Safe Transportation for Every Pedestrian (STEP) Workshop - November 13th - Springfield, MO

Safe Transportation for Every Pedestrian (STEP) Workshop - November 13th - Springfield, MO

November 13th, 8:30 am to 5 pm

The Library Station, Frisco Room

2535 N. Kansas Expressway
Springfield, MO 65803

Workshop Description

According to the NHTSA, 2016 witnessed the most pedestrian fatalities since 1990, accounting for approximately 16 percent of all roadway fatalities (5,987). In 2016, 72% of pedestrian fatalities occurred away from intersections (e.g., mid-block locations) and approximately 26% occurred at intersections.


This full day workshop will provide an overview of the pedestrian safety crossing problem and provide resources for addressing the problem and present the “Spectacular 7” safety treatments which are:

  • Rectangular rapid flashing beacons (RRFBs) are active (user-actuated) or passive (automated detection) amber LEDs that use an irregular flash pattern at mid-block or uncontrolled crossing locations. They significantly increase driver yielding behavior.
  • Leading pedestrian intervals (LPIs) at signalized intersections allow pedestrians to walk, usually 3 to 4 seconds, before vehicles get a green signal to turn left or right. The LPI increases visibility, reduces conflicts, and improves yielding.
  • Crosswalk visibility enhancements, such as crosswalk lighting and enhanced signage and markings, help drivers detect pedestrians–particularly at night.
  • Raised crosswalks can serve as a traffic calming measure and reduce vehicle speeds.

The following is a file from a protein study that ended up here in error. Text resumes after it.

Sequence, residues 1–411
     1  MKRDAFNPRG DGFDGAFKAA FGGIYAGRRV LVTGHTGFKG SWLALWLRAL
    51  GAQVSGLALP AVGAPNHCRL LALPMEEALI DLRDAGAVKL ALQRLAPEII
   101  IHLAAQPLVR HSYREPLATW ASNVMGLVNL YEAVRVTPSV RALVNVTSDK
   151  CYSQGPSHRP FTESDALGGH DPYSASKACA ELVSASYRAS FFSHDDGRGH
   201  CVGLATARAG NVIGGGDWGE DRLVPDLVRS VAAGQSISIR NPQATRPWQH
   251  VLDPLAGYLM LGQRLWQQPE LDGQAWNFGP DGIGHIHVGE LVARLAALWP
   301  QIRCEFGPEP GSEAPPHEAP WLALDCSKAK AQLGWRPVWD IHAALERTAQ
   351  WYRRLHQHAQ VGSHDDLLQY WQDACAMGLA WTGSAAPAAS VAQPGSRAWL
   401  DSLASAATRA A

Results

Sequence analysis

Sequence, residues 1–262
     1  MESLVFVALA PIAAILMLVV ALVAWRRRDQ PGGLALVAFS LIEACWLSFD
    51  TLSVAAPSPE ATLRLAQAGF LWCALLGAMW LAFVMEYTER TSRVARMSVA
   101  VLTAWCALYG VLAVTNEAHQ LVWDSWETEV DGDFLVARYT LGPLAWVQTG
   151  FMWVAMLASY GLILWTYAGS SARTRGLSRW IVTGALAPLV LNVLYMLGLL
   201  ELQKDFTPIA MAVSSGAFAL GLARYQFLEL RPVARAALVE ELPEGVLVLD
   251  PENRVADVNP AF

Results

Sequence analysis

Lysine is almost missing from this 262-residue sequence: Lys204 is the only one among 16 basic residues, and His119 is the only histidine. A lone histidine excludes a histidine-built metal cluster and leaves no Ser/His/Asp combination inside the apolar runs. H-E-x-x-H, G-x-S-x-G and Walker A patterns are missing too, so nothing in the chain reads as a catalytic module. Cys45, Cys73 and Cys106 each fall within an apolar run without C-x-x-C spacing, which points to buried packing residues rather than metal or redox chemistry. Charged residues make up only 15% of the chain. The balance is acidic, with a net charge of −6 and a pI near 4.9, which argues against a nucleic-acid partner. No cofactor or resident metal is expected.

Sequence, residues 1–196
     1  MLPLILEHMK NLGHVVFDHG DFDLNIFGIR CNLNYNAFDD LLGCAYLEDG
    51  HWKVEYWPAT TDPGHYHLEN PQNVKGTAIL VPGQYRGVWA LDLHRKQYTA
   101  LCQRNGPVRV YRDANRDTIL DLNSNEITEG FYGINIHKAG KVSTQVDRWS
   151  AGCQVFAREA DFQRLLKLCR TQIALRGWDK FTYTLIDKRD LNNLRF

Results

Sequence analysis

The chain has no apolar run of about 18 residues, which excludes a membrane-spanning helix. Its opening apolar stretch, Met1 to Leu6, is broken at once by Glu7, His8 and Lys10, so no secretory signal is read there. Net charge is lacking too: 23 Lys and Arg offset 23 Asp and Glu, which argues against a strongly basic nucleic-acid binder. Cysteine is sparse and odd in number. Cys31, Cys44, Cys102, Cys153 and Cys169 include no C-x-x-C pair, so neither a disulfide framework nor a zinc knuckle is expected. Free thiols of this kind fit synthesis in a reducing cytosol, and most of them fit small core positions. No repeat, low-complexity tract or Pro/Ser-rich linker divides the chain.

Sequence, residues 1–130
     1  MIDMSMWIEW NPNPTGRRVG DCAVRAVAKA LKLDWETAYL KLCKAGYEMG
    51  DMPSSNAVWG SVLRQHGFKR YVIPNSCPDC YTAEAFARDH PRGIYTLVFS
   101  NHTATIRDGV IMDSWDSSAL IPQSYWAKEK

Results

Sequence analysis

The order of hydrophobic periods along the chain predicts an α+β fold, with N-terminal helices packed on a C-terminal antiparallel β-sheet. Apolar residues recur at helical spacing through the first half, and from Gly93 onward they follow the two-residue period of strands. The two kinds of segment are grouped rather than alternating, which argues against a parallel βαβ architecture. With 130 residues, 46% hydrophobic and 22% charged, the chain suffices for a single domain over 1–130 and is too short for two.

• Pedestrian crossing/refuge islands allow pedestrians a safer place to stop at the midpoint of the roadway before crossing the remaining distance. This is particularly helpful for pedestrians with limited mobility.
  • Pedestrian hybrid beacons (PHBs) provide positive stop control for higher-speed, multilane roadways with high vehicular volumes. The PHB is an intermediate option between a flashing beacon and a full pedestrian signal.
  • Road Diets can reduce vehicle speeds and the number of lanes pedestrians cross, and they can create space to add new pedestrian facilities such as pedestrian crossing/refuge islands.

The workshop includes a group field visit exercise where participants will evaluate a nearby corridor for pedestrian safety and make recommendations for improvement if needed.  Please bring appropriate personal protective equipment (PPE) for use during the field visit.

1. Welcome / Introductions / Highest priority

6. Lunch (on your own)

2. Why STEP: Background and data

7. STEP Treatments Cont.

3. Polices and Process

8. Site Visit

4. Break

9. Report out

5. STEP Treatments

10. Final Remarks/ Evaluations/Adjourn


Class is limited to 40 seats.


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Safe Transportation for Every Pedestrian (STEP) Workshop


Ray Shank, PE

Traffic Safety Engineer

MoDOT Central Office – Highway Safety and Traffic Division

(573) 526-4293